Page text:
As a result of the foregoing, the First, Second and Sixth Counts have been voluntarily dismissed. Local 623 has filed a motion for summary judgment as to the Third and Fourth Counts and United Parcel seeks summary judgment as to the Fifth Count, the only remaining claim against the employer.

 Summary Judgment Standards

 Although Rule 56(e)'s requirements need no rehearsal, it will be useful in resolving these two motions to recall the Supreme Court's recent statements in Lujan v. National Wildlife Federation, 497 U.S. 871, 110 S. Ct. 3177, 111 L. Ed. 2d 695 (1990). In his Opinion for the Court, Justice Scalia, after quoting Rule 56(e)'s requirement that judgment "shall be entered" against the non-movant unless affidavits or other evidence "set forth specific facts showing that there is a genuine issue for trial", stated that "the object of this provision is not to replace conclusory allegations of the complaint or answer with conclusory allegations of an affidavit." 497 U.S. at , 110 S. Ct. at 3188. In stressing that assumptions cannot supplant the "specific facts" needed to sustain a complaint, Justice Scalia went on to say:

 
It will not do to "presume" the missing facts because without them the affidavits would not establish the injury that they generally allege. That converts the operation of Rule 56 to a circular promenade: plaintiff's complaint makes general allegation of injury; defendant contests through Rule 56 existence of specific facts to support injury; plaintiff responds with affidavit containing general allegation of injury, which must be deemed to constitute averment of requisite specific facts since otherwise allegation of injury would be unsupported (which is precisely what defendant claims it is).

 497 U.S. at , 110 S. Ct. at 3189.

 As will be seen, we regard Mr. Braxton's response to the motions for summary judgment to constitute an invitation to walk "the circular promenade" the Supreme Court has instructed federal courts to decline.

 Legal Analysis

 We begin by recalling the Supreme Court's general direction that "any substantive examination of a union's performance . . . must be highly deferential" to the union, Air Line Pilots Ass'n Int'l v. O'Neill, U.S. , 111 S. Ct. 1127, 1135 (1991). As the Supreme Court noted almost thirty years ago in Ford Motor Co. v. Huffman, 345 U.S. 330, 338, 97 L. Ed. 1048 , 73 S. Ct. 681 (1953), "[a] wide range of reasonableness must be allowed a statutory bargaining representative in serving the unit it represents".

 Recognizing the union's critical importance to its members where, as here, the union is the exclusive bargaining representative, the Supreme Court has imposed a duty of fair representation which is breached "only when a union's conduct toward a member of the collective bargaining unit is arbitrary, discriminatory, or in bad faith." Vaca v. Sipes, 386 U.S. 171, 190, 17 L. Ed. 2d 842 , 87 S. Ct. 903 (1967). In a grievance procedure, the Supreme Court in Vaca ordained that the rule is "that a union may not arbitrarily ignore a meritorious grievance or process it in a perfunctory fashion. . . ." Id. at 191.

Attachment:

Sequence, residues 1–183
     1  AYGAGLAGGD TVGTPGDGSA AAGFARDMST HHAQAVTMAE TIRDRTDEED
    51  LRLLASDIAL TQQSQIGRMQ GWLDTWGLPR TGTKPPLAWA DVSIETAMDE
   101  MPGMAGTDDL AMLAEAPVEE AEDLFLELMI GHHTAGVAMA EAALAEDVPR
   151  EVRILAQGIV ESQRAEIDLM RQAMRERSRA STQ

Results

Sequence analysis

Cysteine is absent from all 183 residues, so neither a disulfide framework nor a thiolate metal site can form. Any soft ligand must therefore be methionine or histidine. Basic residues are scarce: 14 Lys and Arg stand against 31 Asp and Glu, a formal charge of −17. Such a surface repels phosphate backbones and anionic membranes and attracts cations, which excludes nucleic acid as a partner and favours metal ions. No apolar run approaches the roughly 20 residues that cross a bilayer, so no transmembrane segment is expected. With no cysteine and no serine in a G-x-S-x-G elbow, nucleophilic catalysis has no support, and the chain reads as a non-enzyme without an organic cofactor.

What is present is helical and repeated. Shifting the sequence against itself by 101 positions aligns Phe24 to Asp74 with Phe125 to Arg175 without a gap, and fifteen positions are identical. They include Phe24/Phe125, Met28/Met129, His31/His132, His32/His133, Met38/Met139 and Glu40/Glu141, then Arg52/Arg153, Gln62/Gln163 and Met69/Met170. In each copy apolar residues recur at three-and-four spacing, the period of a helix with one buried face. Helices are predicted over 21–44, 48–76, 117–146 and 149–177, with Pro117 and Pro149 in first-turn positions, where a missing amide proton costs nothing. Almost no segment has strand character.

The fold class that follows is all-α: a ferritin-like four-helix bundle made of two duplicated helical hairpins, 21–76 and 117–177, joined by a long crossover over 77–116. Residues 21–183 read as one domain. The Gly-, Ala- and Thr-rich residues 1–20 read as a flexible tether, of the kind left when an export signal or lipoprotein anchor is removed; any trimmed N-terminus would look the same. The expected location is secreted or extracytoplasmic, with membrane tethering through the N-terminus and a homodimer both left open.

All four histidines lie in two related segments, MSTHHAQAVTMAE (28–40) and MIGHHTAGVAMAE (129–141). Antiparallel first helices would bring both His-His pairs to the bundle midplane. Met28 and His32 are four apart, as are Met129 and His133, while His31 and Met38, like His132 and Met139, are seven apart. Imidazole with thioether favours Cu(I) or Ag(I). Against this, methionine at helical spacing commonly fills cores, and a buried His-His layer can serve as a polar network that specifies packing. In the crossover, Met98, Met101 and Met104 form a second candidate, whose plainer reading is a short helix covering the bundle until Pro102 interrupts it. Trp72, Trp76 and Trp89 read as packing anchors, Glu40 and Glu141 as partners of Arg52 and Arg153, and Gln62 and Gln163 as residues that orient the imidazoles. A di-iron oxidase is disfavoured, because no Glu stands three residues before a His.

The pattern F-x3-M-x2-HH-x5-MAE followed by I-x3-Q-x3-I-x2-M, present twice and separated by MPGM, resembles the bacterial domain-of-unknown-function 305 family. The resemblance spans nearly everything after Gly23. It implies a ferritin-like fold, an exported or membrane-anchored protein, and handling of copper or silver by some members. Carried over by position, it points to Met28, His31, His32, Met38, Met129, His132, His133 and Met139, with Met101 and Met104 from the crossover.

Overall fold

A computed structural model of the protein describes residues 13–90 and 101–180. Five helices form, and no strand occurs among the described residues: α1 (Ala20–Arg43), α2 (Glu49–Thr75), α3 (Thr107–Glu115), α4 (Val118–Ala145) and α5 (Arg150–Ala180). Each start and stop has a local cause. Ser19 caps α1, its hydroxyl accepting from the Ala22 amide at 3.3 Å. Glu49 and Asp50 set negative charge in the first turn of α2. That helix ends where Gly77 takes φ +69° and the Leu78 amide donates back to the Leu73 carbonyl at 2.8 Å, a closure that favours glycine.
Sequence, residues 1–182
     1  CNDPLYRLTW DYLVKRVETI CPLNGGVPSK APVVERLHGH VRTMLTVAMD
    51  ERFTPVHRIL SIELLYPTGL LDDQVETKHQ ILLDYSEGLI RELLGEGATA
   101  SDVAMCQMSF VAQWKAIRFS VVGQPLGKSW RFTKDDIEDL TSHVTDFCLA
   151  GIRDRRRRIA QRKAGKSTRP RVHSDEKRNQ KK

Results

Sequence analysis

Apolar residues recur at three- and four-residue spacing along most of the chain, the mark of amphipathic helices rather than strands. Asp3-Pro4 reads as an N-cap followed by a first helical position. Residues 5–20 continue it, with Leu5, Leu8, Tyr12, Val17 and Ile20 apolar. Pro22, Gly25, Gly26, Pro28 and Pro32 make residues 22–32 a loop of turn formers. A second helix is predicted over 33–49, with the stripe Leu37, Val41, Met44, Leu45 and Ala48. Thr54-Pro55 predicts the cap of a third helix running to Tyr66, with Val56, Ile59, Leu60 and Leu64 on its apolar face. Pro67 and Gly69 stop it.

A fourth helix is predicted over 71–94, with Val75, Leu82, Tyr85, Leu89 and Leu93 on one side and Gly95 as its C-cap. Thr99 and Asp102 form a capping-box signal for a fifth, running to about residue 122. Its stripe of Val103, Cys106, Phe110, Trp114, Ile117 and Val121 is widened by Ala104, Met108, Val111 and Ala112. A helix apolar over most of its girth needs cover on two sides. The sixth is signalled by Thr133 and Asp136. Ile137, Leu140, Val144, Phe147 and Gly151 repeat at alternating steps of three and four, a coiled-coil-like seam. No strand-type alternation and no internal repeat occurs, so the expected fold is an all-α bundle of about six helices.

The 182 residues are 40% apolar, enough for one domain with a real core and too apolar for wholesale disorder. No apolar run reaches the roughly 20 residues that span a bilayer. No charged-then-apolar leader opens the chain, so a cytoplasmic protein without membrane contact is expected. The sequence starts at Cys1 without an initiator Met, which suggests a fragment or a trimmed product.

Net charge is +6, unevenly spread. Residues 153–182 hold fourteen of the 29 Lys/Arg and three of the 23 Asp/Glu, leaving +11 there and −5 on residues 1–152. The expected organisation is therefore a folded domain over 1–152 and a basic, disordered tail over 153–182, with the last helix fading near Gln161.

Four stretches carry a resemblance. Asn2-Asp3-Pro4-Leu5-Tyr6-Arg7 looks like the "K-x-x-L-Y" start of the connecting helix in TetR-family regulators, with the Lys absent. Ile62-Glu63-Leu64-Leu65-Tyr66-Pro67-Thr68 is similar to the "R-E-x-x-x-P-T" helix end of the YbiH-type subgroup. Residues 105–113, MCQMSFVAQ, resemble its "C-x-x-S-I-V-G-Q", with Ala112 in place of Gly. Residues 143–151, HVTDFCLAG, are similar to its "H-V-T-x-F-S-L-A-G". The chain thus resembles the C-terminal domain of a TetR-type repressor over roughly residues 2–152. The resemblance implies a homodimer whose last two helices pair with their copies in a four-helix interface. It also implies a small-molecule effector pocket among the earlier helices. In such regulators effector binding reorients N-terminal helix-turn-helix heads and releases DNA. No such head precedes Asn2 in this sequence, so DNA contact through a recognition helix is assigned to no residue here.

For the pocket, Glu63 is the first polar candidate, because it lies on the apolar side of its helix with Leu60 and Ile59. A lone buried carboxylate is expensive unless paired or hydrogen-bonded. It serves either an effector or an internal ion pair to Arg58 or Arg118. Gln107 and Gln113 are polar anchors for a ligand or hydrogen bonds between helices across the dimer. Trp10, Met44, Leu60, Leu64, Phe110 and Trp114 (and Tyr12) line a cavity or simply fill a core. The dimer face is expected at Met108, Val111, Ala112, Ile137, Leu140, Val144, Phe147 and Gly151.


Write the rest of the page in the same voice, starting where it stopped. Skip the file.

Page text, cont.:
As our Court of Appeals has noted in construing "perfunctory" as that word was used in Vaca, "we have recently made clear that whatever it may mean in other circumstances, 'mere ineptitude or negligence in the presentation of a grievance by a union has almost uniformly been rejected as the type of conduct intended to be included within the term 'perfunctory"". Riley v. Letter Carriers Local No. 380, 668 F.2d 224, 228 (3d Cir. 1981), quoting Findley v. Jones Motor Freight, Etc., 639 F.2d 953, 960 n.2 (3d Cir. 1981). As Judge Van Dusen held for the Court of Appeals in Riley,

 
What is required is a showing of actual bad faith or arbitrary conduct. The fact that trained counsel could have avoided the error or pursued a different strategy is not enough.

 Id., citing Findley, supra, 639 F.2d at 961. *fn6"

 Where, as here, a collective bargaining agreement contains grievance and appellate procedures concluding with binding arbitration by a joint employer-union panel, both sides are contractually bound by the decision, and the result is "subject to very limited judicial review", qualified only by the union's duty to the member under Vaca. DelCostello v. International Brotherhood of Teamsters, 462 U.S. 151, 164, 76 L. Ed. 2d 476 , 103 S. Ct. 2281 (1983). This rule is consistent with the powerful preference in federal labor law for arbitrating grievances that arise under collective bargaining agreements, and applying a "highly deferential" standard to the outcome of such arbitral processes, provided only that the union has fulfilled its duty of fair representation to the member.

 Bearing in mind that only his claim against Local 623 remains, the question therefore becomes whether the Local fulfilled its duty of fair representation to Mr. Braxton. As will now be shown, our independent review of the record in the light most favorable to Mr. Braxton leaves us with no other conclusions than (1) the Local vigorously pursued Mr. Braxton's cause, (2) Mr. Braxton was given every opportunity to state his position, and, most notably, (3) Mr. Braxton himself contemporaneously acknowledged his satisfaction with the Local's advocacy on his behalf. Under these circumstances, no "fair-minded jury could return a verdict for the plaintiff on the evidence presented", Anderson v. Liberty Lobby, Inc., 477 U.S. 242, 252, 91 L. Ed. 2d 202 , 106 S. Ct. 2505 (1986).

 We will first consider Mr. Braxton's claims against Local 623, and then review the remaining Count against United Parcel. As will be seen, the pertinent facts come largely out of Mr. Braxton's own mouth.

 A. Claims Against Local 623

 1. The fair representation claim.

 The day after Mr. Braxton's discharge, a meeting was held between United Parcel and Local 623 representatives, pursuant to Article 46, § 2 of the Supplemental Agreement. Present at this meeting was Dennis Laczo, Local 623 President, Alternate Shop Steward Tom Colaizzi, and Mr. Braxton. United Parcel Supervisor Paul Sharp and Pre-Road Manager Tom Jones participated. According to Mr. Braxton's account (Braxton dep. at 60-61), both he and Mr. Laczo argued that Mr. Braxton's conduct did not warrant discharge, and "that that was evidence of discriminatory treatment on their [United Parcel Services's] behalf and that I didn't deserve to be disciplined at all, but if I had been -- if I was deserving of discipline, that to jump straight to a discharge was unfair and was discriminatory." When asked at his deposition what Mr. Laczo said, Mr. Braxton responded:

 A. He agreed with that statment [sic]. He made similar statements to that effect.

 Q. Did he argue to the Company that your discharge was improper, unfair, unjust, discriminatory?

 A. Yes, he did.

 Q. Did he say all of those ...